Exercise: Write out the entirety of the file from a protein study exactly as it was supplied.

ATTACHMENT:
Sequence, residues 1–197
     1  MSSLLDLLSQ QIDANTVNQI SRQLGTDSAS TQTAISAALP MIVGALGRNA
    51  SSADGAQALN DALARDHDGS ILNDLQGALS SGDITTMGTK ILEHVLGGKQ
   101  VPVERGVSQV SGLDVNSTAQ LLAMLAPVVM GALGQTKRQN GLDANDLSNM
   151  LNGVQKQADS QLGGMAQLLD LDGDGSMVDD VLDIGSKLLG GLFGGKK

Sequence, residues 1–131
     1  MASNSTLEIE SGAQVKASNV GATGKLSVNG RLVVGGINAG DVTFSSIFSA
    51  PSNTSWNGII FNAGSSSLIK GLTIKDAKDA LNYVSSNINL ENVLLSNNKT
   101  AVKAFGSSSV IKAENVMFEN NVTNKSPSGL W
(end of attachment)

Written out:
Sequence, residues 1–197
     1  MSSLLDLLSQ QIDANTVNQI SRQLGTDSAS TQTAISAALP MIVGALGRNA
    51  SSADGAQALN DALARDHDGS ILNDLQGALS SGDITTMGTK ILEHVLGGKQ
   101  VPVERGVSQV SGLDVNSTAQ LLAMLAPVVM GALGQTKRQN GLDANDLSNM
   151  LNGVQKQADS QLGGMAQLLD LDGDGSMVDD VLDIGSKLLG GLFGGKK

Sequence, residues 1–131
     1  MASNSTLEIE SGAQVKASNV GATGKLSVNG RLVVGGINAG DVTFSSIFSA
    51  PSNTSWNGII FNAGSSSLIK GLTIKDAKDA LNYVSSNINL ENVLLSNNKT
   101  AVKAFGSSSV IKAENVMFEN NVTNKSPSGL W